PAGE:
If you meet someone one way and hit it off, and then the next time you see them they look considerably different, would you second-guess giving them the time of day?
You guessed it. We’re having the tired hair conversation. But alas, hair, and how long or short it is, is still very important to very many people. Including men.
A friend of mine was in a relationship for years with a guy who didn’t make her feel good about herself. Yes, we should all be able to uplift and love ourselves, but what the hell is the point of a relationship if your partner-in-crime goes out of their way to make you self-conscious? This lack of support was most evident near the end of their time together. She made the decision to cut her hair off. It was something she used to do now and then when she felt like she needed to start over with her hair once it started breaking and having a mind of its own. It wasn’t something she’d done while with her boyfriend, but they had been together for a couple of years and she didn’t think it would be a problem.
But it was.
When she showed off her very short haircut, he didn’t have a lot to say. He didn’t diss or dismiss it; he just didn’t throw out an “It looks good, babe!” Instead, he nodded and smiled saying, “If you like it…”
But as some time passed and her hair looked less and less like what the salon put together for that initial cut, he became more and more rude. “You’re going to go out like that?” That’s what he asked her as she prepared to run errands one morning, curls doing their own thing after a twist-out failed to pop. Such insults would continue to the point where my friend started wearing her weekend wigs more and more. Once the relationship ended, it seemed less likely that she was wearing those wigs for convenience and more so that she was rocking them because he had knocked her self-esteem down a few notches. She even assumed that another guy she met while out with her wig on started losing interest in her when she met up with him for a first date with her short hair exposed. All of a sudden he wasn’t available to meet up for a second outing and just wanted to be “cool” despite obvious sparks flying when they initially came across one another and conversed.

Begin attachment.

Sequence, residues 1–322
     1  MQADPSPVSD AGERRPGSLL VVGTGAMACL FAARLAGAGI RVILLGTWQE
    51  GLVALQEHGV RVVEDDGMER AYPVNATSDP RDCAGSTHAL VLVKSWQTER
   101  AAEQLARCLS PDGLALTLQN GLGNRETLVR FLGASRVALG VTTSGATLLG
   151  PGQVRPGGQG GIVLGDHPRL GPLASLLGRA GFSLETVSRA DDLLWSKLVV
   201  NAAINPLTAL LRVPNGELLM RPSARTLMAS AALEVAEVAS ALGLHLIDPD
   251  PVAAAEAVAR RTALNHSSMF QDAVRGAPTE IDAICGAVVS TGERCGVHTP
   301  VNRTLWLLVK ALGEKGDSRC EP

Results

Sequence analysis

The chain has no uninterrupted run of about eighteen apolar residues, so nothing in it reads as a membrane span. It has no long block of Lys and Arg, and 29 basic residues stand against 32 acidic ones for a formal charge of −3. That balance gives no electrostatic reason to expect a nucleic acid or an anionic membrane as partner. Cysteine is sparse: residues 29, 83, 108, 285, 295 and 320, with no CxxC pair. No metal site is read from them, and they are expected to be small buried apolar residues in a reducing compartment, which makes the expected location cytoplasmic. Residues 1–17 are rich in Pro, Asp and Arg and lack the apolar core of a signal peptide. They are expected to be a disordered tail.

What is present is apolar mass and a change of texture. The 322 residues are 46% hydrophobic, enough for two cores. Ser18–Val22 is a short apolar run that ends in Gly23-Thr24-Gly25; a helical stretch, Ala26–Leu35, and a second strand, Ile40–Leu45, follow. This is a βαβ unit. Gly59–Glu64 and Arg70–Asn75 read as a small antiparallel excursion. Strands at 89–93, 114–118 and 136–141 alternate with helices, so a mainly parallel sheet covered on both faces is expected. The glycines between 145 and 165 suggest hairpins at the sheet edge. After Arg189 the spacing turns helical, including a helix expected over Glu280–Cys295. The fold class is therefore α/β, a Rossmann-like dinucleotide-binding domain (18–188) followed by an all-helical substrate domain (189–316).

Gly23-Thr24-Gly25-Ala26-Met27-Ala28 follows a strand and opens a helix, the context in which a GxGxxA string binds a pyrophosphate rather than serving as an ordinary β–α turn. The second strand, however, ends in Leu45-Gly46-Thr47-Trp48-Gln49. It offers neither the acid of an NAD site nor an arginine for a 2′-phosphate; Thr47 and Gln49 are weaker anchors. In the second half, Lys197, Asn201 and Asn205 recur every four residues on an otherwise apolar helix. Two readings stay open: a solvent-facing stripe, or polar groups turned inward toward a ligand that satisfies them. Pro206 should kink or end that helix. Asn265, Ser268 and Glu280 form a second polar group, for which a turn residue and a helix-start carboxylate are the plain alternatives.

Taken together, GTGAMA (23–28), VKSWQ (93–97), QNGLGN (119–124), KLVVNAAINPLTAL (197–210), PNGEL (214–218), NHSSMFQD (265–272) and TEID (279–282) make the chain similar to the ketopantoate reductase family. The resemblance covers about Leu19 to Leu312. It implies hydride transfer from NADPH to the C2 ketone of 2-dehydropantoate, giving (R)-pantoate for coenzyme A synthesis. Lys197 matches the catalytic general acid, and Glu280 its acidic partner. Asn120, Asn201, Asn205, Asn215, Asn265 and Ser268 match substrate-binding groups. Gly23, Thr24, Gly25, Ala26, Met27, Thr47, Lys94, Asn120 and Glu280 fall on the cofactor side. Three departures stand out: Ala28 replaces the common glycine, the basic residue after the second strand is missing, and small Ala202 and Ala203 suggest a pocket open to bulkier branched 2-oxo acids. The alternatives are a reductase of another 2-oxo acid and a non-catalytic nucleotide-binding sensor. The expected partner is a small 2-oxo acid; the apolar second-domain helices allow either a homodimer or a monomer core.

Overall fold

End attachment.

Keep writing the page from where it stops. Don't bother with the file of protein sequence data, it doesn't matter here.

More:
She’s not the only person who has dealt with a man having a less than delighted response to a major hair change. A woman in the comment section of an article I came across on hair and patriarchy said she had been planning to lock her hair for months before finally setting up an appointment. She just so happened to meet a guy before her appointment and at the time, her hair was in a simple topknot. A topknot she had been wearing damn near every day. They hit it off and were supposed to go on a date, but he got sick, so they rescheduled–for the weekend after she was scheduled for her hair appointment. She admitted that she was a little nervous about how he would react to her hair change, but when it was all said and done, “I didn’t really care.”
When they met up on that date, she said, “to say he was shocked is an understatement.” There she stood with her tiny twists. Hair that probably could have reached the top of her shoulder was now barely at her ear. And while the sight of her with seemingly half of the hair she had before was jarring, he eventually stopped staring at her head long enough to get to know her. She says that months later, they’re still dating. She still has her locs, but he has a different attitude toward them.
And that’s probably because he had to ask himself whether or not hair was really that deep. Was it worth going MIA over after truly hitting it off with this young woman? Was he that superficial? Well, I’m sure he didn’t want her to figure that out too soon.
I get it. If I met a guy with a beard that literally drew me (and drew drool out of my mouth) and then he went and cut it off soon after, I would probably be a little sad too. Hell, I’m sad every time my fiancé shaves his beard for work. But at the end of the day, all that surface stuff means a whole lot of nothin’ in the long run. When you’re just looking for someone to roll around in the sheets with then I guess it’s understandable that someone would “get out of dodge” over a major hair change. But when you’re looking for something deeper, who cares? And for women worried about these things in the early stages of dating, you don’t know a person well enough to give a damn about what they think, especially when it comes to the decisions you want to make for yourself. Don’t be scared to do the things you’ve wanted just to please someone you don’t know from Adam. Because if he can’t get with it, he’s free to get lost…
But as always, that’s just my opinion. What do you think? If someone drastically changes their outward appearance after you meet them, is it petty to feel some type of way about it?